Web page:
Twelve Kingdoms Volume 3: The Vast Spread of the Seas

Twelve Kingdoms Volume 3: The Vast Spread of the Seas by Fuyumi Ono

The Twelve Kingdoms books are the only series of light novels that I follow with great enthusiasm. I like the Twelve Kingdoms anime quite a bit, but since the story didn’t conclude in the anime so I look to the novels to fill in the gaps. I’ve read the first and second novels in this series, and from what I remember they closely parallel the anime. The Vast Spread of the Seas focuses on one of the more dynamic characters shown in the anime adaptation, the King of En.

The fantastic world of the Twelve Kingdoms lies across a vast sea from Japan, and frequently people from the Twelve Kingdoms end up accidentally being born in Japan. So there is a steady stream of immigrants from Japan coming over to fill important roles in the Chinese-inspired fantasy world which filled with scheming government officials, talking animals, and demons. The King of En was found by his kirin Rokuta who is a mythical beast who performs the will of heaven by choosing a ruler, just when he was losing his small seafaring colony in Japan. Faced with the inevitable destruction of his people and the opportunity to rebuild a kingdom in another world Naotaka agrees to journey far away from Japan and takes the new name Shoryu.

Rokuta was abandoned as a young child so he feels horrible about the state of the Kingdom of En which was brought near the edge of destruction by the previous king. So he is less than happy when Shoryu appears to spend his days lazing around, gambling, and chasing after loose women. Rokuta previously met another abandoned child who was raised by a demon. Rokuta gives the barely literate child the name Koya and promises that one day the Kingdom of En will be save for him and his demon to live together without being persecuted. Several years later the Kingdom of En has just begun to recover but the new King still seems hesitant to clean house of the corrupt government officials that gained power during the reign of the old King.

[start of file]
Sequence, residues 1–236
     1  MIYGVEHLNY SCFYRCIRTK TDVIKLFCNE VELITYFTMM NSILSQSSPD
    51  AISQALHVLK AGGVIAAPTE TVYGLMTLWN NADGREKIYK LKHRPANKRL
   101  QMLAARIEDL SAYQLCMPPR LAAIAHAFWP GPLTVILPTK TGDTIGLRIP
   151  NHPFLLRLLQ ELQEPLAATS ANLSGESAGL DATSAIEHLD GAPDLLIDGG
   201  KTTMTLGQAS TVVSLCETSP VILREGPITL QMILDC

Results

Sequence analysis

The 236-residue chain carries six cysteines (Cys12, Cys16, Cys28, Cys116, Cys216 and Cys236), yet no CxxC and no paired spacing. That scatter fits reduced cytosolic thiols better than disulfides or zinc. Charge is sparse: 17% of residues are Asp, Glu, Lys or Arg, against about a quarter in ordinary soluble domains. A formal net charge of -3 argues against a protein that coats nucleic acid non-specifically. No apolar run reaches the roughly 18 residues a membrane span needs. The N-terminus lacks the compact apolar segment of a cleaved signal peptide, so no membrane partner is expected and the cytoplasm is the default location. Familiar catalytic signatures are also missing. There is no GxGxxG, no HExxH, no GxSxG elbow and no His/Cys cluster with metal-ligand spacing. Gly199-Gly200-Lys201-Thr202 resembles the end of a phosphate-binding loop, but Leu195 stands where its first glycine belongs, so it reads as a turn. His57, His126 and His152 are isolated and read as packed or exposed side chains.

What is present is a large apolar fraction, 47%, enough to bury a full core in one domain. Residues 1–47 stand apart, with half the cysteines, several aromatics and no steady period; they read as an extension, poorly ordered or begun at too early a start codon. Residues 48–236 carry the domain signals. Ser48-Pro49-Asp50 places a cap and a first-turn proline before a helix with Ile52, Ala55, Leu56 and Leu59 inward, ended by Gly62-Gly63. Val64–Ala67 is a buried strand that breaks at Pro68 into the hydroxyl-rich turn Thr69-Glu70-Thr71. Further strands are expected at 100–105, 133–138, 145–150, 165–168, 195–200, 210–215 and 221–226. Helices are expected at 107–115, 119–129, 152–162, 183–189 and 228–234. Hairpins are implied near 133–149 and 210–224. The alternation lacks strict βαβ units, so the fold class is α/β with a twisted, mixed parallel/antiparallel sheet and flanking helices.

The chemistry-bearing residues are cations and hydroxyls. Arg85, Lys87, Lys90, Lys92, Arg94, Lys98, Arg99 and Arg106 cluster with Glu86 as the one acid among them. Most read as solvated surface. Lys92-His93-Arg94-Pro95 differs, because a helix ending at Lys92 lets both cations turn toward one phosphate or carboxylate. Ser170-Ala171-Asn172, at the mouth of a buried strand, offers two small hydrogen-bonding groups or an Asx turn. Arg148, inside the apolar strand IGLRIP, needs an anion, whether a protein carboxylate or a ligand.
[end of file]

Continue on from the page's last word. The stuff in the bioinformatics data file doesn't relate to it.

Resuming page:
Rokuta ends up being kidnapped by a governor of a province who appears to care greatly about his people and he has some sympathy for his captor as it appears that he might be a more effective ruler than Shoryu. He meets Koya again who is now in the service of his kidnapper. Little does Rokuta know that while Shoryu was carefully cultivating the reputation of an idiot king he was actually sneaking around his own kingdom as a royal super-spy. A crisis occurs and Shoryu proves to Rokuta that he does have the capacity to become a capable ruler. Shoryu’s charismatic nature and innate sneakiness made finding out how he prevented civil war and preserved his kingdom very entertaining. I think this is my favorite of the Twelve Kingdom books so far, and I’m very much looking forward to the fourth volume in the hopes that I’ll encounter some new characters or storylines that weren’t present in anime version of the story.

Review copy provided by the publisher.